Feed on

November 21st, 2017 -Pastor Tom Kirkendall

What is your favorite juice? I am thinking about those infomercials with a buff couple juicing just about anything they can find to increase health.
This Sunday is “Juicing Sunday.” Okay not really, it is actually what we call “Celebration Sunday.” It is one of our favorite services because it gets our “gratitude” juices flowing preparing us for family, turkey, and pumpkin pie (not to mention black Friday!).

We close out our Character of God series. It seems a bit premature because let’s face it we could never, ever exhaust that discussion of our infinite God. This is more like switching gears as we get our hearts ready for Thanksgiving and Christmas and consider our thankfulness to God.

The sermon title is “God Is…and We Are Thankful” and our scripture will focus on a scene painted by Luke where Jesus was invited to dinner and Jesus gives those gathered a lesson in gratitude, forgiveness and worship. Check out Luke 7:36-50 if you want to read ahead.


“God is”

November 11th, 2017 -Dr. Tim Anderson

God is…

God is good, love, sovereign, holy, and just.

God is so much more than we can get our minds around. How grateful we can be that God revealed his true nature to us. What a privilege to know our Creator through the Scriptures. God’s word has been direct and clear. God is… and we see specific statements that the complete that thought throughout the Bible.

God has also chosen the medium of anthropomorphisms to reveal his character to us. God’s face, eyes, hands, arms, and ears all speak volumes to us about God’s attributes, as well as, how God desires to relate to us.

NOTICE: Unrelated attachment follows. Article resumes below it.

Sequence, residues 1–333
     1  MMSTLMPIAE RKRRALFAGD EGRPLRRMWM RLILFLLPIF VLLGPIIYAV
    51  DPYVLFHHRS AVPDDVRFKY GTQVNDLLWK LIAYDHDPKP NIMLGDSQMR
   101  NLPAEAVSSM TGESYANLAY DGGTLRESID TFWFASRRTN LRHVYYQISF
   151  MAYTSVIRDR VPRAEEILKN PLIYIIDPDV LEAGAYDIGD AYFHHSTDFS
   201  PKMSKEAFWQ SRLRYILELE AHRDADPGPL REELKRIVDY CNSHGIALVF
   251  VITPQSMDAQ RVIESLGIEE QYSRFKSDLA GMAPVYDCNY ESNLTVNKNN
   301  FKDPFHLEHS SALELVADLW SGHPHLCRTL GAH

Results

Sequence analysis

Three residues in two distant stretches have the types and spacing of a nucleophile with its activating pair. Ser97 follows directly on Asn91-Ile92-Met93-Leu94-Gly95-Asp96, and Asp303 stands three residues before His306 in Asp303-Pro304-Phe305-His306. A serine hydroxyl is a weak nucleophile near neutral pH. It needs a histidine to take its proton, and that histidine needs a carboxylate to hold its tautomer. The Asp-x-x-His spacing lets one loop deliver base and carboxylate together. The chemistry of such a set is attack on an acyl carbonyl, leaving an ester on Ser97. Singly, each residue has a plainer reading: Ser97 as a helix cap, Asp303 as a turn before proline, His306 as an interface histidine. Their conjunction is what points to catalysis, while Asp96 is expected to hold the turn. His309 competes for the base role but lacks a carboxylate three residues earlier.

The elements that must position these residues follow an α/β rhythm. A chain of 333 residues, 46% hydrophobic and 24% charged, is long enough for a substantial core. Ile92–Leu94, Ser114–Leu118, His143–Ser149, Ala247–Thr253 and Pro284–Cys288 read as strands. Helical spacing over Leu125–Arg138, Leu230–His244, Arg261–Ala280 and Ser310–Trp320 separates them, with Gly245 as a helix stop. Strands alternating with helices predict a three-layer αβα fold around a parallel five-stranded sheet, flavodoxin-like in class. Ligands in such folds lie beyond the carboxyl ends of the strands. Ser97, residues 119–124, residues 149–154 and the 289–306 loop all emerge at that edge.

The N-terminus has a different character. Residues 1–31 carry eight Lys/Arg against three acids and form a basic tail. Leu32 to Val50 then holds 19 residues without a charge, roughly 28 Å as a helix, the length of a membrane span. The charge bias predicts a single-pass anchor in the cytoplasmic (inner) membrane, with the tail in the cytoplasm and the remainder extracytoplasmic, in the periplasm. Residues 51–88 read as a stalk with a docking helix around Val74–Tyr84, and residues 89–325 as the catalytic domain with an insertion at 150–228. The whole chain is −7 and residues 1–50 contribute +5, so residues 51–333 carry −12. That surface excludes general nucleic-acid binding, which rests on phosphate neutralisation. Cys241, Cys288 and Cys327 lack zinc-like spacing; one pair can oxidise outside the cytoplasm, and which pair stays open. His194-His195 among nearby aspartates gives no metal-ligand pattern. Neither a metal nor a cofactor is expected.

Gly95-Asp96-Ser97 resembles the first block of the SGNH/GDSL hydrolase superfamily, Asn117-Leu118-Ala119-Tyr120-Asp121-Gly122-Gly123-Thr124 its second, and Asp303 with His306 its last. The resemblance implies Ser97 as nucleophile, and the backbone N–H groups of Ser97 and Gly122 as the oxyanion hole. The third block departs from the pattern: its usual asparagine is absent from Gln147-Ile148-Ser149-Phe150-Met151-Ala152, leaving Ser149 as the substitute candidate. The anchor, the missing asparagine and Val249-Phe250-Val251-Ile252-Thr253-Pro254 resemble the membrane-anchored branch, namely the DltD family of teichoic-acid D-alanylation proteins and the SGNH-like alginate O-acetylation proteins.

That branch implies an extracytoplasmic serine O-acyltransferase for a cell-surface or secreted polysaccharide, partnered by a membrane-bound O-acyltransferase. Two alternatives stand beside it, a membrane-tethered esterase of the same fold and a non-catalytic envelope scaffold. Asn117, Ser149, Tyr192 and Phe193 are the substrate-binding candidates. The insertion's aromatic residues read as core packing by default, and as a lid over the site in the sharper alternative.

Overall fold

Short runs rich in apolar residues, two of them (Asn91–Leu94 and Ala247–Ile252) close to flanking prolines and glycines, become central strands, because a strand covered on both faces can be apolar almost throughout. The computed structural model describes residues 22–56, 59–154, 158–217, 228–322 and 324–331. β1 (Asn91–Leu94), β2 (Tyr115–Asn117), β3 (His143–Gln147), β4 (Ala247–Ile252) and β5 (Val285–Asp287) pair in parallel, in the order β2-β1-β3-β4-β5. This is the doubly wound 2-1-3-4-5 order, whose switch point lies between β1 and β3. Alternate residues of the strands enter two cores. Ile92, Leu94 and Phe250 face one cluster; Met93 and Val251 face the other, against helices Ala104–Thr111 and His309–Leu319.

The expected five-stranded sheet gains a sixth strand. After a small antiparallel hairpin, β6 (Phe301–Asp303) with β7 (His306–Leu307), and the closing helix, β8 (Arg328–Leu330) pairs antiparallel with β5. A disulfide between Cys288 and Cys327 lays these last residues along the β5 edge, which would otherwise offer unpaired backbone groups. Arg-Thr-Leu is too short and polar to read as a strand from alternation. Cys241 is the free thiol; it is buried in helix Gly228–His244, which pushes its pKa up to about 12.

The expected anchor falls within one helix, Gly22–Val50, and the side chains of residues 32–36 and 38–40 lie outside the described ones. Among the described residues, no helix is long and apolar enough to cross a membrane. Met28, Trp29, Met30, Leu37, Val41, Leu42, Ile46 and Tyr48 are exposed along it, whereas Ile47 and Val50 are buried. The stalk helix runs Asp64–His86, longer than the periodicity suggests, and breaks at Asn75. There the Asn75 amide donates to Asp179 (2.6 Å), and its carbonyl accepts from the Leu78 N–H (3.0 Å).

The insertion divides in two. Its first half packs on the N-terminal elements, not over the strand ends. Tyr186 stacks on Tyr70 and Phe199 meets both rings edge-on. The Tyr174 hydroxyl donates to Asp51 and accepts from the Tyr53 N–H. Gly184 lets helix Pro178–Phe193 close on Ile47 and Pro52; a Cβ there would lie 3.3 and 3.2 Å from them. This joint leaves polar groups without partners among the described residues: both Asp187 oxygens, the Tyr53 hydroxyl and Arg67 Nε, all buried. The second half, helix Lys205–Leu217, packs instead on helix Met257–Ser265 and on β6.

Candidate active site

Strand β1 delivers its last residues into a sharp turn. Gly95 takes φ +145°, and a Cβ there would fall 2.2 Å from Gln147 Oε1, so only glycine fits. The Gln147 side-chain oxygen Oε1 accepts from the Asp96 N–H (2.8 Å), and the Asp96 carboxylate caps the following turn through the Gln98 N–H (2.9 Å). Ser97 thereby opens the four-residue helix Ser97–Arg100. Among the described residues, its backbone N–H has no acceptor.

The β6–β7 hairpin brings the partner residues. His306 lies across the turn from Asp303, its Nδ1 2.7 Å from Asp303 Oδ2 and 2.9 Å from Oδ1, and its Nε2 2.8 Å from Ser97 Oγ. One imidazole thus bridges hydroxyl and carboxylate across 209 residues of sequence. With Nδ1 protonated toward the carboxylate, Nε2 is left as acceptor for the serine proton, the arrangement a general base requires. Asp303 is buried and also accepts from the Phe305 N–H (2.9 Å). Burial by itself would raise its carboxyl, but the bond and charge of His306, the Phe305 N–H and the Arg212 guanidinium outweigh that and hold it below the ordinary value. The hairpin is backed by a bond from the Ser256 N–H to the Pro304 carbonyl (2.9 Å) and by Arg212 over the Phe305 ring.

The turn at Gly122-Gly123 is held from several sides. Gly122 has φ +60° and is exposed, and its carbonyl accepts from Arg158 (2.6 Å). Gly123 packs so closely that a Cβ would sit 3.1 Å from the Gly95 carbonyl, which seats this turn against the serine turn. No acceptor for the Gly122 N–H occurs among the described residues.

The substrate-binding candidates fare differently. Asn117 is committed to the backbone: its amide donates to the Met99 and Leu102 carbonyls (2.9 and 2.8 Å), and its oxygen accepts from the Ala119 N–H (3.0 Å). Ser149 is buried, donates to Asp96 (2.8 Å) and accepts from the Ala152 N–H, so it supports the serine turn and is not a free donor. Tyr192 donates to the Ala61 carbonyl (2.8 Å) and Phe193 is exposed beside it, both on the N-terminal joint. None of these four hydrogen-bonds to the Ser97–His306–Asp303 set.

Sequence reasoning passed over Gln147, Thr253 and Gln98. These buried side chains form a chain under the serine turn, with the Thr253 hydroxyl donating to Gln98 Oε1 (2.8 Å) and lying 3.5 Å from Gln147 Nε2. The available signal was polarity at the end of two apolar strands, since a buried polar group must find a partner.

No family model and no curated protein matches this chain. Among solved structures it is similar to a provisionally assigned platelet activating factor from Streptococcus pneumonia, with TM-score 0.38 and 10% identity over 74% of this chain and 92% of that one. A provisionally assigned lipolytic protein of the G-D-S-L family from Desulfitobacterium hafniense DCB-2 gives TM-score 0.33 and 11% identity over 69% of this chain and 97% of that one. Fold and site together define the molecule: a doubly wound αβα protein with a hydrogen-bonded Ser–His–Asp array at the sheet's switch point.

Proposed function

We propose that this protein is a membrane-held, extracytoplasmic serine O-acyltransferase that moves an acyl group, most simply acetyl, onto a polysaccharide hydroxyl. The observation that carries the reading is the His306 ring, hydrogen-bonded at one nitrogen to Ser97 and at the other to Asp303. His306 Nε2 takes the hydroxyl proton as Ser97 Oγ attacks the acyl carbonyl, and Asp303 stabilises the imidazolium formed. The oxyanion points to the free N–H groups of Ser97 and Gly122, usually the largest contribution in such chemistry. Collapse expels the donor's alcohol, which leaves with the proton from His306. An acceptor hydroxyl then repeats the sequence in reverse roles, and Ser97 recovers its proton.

We welcome to our services Dr. Tim Anderson, professor of Theology at Corban University in Salem, OR. Tim will open the Scriptures to us as we examine this important body (pun intended) of truth. Let the embrace of truth open your heart to our Heavenly Father’s love.

Below please find some Scriptures to prepare you


Num. 6:24-26 The Lord bless you and keep you; the Lord make his face to shine upon you and be gracious to you; the Lord lift up his countenance upon you and give you peace.


Psa. 67:1 May God be gracious to us and bless us and make his face to shine upon us, Selah that your way may be known on earth, your saving power among all nations.


Psa. 27:9 Hide not your face from me.

Turn not your servant away in anger,

O you who have been my help.

Cast me not off; forsake me not,

O God of my salvation!


Psa. 27:8 You have said, “Seek my face.”

My heart says to you,

“Your face, Lord, do I seek.”


2Cor. 4:6 For God, who said, “Let light shine out of darkness,” has shone in our hearts to give the light of the knowledge of the glory of God in the face of Jesus Christ.


“God is Just.”

November 5th, 2017 -Pastor Keith Cromie

Have you ever met someone famous?
Perhaps you met an author at a book signing or an athlete who gave you an autograph. You may still have that signed edition or the autographed ball.
How well do you know that person? I suspect you don’t know them at all. Without ongoing relationship, it just isn’t possible to know someone, to really know them.
The amazing message of the Bible is that because of Jesus, we can know God, and I mean really know him. That requires an ongoing relationship, ongoing fellowship, and a personal investment in drawing close to God.
We are nearly to the end of our current series of Sunday messages entitled God is… The privilege of getting to know that God is good, love, holy, and sovereign has encouraged us to stay close to our creator. We have seen how these attributes of God are exemplified in Jesus and how these qualities give us assurance of God’s grace and strength for our lives.
This Sunday we will consider the righteousness of God and the faithfulness of God. What an encouragement to see God’s character through these lenses of truth.
Here are some Scriptures to prepare you to worship our righteous and faithful God.